In U.S. presidential races, the bickering between candidates gets ugly and this year, it’s been downright disgusting. As an American living abroad, it’s been plain embarrassing.
Even though many of us Americans don’t follow the politics of other countries, the rest of the world watches ours. My friends here in Norway are monitoring this election very closely, and the most common question I am asked is: Why?
“Why do Americans want a man like Donald Trump in the White House? Don’t they see he is just a sexist, racist clown with no experience?”
I don’t pretend to speak for other Americans, but I usually say that people are entitled to their opinions, though I also don’t understand the Trump thing.
I do, but I don’t. I do get it in the sense that I see the frustrated Americans who tired of the political establishment and want to find a way to improve our system of governance. What I don’t understand is that some are willing to vote in anyone at all costs, regardless of their views on women or people of color, whether they have experience or if that person has fact-based, specific plans to improve the country.
To be fair, I have been asked once about why Americans would want Hillary Clinton as president. It was a taxi driver in Belgium, who felt Clinton was a liar and had too many ties to Wall Street.
However, I will say almost all the people I speak with are appalled that Trump is even an option.
And those folks aren’t just from Norway, they span the globe: Portugal, China, Brazil, Syria, Poland, France, Philippines, Australia, Somalia, Russia, the list goes on and on.
Being the only American in the bunch usually involves some “Trumpsplaining.” Over the months it’s grown from getting questions from my friends to getting questions from strangers:
In the grocery store when someone hears my accent:
“Are you American?”
“Are you voting for Trump?”
From a random parent on the soccer field:
“So what is up with this Trump guy? Americans don’t really like this guy, do they?”
In Norwegian class, my teacher began talking about elections, and the whole class turned to look at me with bemused faces. The teacher then asked if I was a Trump supporter, and all I could really do is shrug my shoulders and shake my head. (My Norwegian is still pretty limited.)
Something similar happened to my 9-year-old at school. Each week, his class watches a child-friendly version of the news, and when it shows clips of Clinton or Trump, the kids all gawk at him. One time a kid came up to Logan after the newscast and asked: “Do you support Hillary?”
A couple months ago, I had grown tired of having the same conversations over and over again about Trump, so I decided to switch it up. When someone would ask my thoughts about him, I’d enthusiastically declare: “I think he’s great! I’m voting for Trump!”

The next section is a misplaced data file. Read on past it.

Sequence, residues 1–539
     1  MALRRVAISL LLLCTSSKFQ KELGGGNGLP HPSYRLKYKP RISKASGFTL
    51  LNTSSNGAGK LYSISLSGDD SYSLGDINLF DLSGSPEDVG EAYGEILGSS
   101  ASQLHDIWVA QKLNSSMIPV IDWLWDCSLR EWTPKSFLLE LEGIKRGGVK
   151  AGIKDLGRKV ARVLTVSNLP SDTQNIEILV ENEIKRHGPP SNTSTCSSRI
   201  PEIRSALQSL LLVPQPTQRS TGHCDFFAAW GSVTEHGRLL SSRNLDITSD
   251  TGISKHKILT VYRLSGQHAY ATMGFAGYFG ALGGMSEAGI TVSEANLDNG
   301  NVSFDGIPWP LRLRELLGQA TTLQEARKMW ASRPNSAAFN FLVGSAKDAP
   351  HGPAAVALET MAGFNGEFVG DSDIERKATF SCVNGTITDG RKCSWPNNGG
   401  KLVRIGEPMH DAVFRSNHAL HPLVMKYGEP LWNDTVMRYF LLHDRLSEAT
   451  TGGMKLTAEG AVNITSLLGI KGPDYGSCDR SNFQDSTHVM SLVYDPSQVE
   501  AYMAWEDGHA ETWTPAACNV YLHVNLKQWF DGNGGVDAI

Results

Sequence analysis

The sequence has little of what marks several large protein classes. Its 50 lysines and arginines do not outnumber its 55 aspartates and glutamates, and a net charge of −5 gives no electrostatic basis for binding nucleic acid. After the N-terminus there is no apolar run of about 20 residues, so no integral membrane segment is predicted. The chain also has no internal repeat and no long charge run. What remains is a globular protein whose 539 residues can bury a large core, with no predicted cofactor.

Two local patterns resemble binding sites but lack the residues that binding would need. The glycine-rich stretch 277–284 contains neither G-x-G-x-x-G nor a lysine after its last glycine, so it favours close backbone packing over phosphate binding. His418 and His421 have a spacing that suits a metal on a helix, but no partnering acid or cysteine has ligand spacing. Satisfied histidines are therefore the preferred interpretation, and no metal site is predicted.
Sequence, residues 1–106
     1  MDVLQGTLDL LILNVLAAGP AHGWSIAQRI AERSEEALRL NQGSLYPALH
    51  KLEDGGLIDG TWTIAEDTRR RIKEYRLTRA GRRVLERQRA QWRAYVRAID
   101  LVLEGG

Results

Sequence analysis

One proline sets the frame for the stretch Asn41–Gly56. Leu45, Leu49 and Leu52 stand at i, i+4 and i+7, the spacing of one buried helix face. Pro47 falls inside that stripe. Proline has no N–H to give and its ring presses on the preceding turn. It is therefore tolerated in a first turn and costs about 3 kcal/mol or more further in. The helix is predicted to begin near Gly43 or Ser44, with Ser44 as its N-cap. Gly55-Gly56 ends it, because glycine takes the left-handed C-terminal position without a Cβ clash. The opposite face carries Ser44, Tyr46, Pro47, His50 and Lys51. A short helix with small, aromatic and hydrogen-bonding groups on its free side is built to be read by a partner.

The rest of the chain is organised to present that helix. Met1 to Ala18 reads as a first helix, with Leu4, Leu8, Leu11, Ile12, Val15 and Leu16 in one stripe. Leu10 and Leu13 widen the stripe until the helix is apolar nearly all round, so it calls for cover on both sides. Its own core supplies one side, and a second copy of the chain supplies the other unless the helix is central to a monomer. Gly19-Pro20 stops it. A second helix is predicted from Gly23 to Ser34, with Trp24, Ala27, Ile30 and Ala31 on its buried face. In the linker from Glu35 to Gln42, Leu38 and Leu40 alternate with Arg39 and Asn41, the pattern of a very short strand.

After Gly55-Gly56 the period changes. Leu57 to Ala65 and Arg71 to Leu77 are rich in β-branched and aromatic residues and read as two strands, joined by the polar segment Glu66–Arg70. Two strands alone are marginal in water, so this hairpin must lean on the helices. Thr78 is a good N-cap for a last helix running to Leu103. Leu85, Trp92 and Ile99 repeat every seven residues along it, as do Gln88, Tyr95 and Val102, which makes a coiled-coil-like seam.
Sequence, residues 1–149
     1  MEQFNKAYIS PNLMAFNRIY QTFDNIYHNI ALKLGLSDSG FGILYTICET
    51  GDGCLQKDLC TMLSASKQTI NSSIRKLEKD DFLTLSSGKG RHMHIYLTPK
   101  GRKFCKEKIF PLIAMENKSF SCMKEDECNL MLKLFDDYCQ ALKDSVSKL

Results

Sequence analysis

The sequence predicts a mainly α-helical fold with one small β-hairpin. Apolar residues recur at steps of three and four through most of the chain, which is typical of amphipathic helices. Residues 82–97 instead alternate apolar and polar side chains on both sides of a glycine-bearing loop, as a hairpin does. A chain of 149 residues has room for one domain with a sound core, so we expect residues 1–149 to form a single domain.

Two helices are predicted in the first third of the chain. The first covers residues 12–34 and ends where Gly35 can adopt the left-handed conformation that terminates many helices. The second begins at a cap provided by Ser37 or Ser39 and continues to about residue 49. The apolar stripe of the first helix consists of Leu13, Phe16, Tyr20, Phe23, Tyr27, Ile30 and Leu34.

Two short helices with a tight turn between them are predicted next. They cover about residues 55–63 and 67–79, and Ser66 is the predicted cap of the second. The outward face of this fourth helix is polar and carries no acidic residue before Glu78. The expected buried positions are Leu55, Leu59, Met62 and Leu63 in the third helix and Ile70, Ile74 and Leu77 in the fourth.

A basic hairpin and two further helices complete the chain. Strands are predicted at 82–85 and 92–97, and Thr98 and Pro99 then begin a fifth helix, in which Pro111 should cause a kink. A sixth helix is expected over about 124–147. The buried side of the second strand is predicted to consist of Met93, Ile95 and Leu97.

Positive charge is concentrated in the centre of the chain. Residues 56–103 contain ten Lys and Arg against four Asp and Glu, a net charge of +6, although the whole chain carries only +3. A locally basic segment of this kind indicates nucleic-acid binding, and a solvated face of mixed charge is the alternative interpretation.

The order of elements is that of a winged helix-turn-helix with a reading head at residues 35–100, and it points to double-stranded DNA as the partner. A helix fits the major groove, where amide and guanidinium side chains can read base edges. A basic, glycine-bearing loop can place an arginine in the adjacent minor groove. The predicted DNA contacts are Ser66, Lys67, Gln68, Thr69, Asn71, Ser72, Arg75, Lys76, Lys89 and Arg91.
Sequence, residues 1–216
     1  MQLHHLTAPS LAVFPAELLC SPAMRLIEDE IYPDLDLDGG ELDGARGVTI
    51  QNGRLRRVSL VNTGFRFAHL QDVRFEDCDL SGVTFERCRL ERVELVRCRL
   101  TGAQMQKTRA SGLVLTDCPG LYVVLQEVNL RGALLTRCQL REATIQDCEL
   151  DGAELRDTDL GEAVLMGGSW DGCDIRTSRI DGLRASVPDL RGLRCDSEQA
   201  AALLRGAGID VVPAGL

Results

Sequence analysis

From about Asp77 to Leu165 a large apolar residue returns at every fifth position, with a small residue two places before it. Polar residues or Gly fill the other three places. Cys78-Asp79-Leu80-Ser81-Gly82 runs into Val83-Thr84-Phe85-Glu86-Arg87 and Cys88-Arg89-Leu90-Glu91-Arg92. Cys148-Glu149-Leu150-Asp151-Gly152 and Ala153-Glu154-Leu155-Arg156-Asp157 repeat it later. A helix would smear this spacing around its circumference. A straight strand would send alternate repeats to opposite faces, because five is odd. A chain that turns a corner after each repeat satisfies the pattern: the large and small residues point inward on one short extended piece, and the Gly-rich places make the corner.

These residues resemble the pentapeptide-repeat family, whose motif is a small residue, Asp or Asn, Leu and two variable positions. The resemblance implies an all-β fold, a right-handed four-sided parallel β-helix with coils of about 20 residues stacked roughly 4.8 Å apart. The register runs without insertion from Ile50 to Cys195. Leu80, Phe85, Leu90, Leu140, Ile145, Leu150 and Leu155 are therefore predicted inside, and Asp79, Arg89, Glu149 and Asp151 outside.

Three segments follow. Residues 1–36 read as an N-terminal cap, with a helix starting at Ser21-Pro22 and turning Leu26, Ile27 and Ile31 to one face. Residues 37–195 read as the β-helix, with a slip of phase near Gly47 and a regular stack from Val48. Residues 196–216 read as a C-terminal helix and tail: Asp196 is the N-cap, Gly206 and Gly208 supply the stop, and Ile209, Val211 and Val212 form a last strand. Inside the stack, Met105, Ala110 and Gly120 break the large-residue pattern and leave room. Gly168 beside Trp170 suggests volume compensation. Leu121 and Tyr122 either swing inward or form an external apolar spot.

The reactions of shock and awe were well worth having more conversations about the guy.
‘People… Are Very Scared’
But all jokes aside, most of the people I speak with are very scared about what the world will look like with him as the next U.S. president. They worry about more terror attacks, economic instability and more unrest when it comes to race and class in the States.
Another interesting point some have raised is about Republicans who have distanced themselves from Trump.
Many of them supported Trump when he said Mexicans were drug dealers and rapists, called for a ban on Muslims, and the slew of derogatory comments he’s made toward others all along the campaign trail.
However, all that changed when Republicans heard Trump’s misogynistic comments about women in that 2005 recorded conversation with Billy Bush. After Trump was heard yukking it up and bragging to Bush about grabbing women’s genitals, endorsements were yanked and the stern condemnations came rolling in.
Some people here across the pond wonder, isn’t what Trump said about Mexicans, Muslims and others just as bad? Why was the 2005 conversation the thing that seemingly gave Republicans the final push away from Trump?
From outside of the U.S., it looks like it’s OK to be racist, anti-gay and sexist, but Trump only really crossed the line when he got caught having that lewd conversation.
It’s a good question with no easy answers. Its complicated explanation is woven in America’s history and the country’s multi-layered views about race, religion, gender and class.
I am still proud to be an American, but I am embarrassed at the hate and vitriol that’s being spewed nonstop in this democratic process to choose the next leader of the free world.
I just hope after the election, no matter who wins, we make an honest effort to be better to each other and for each other.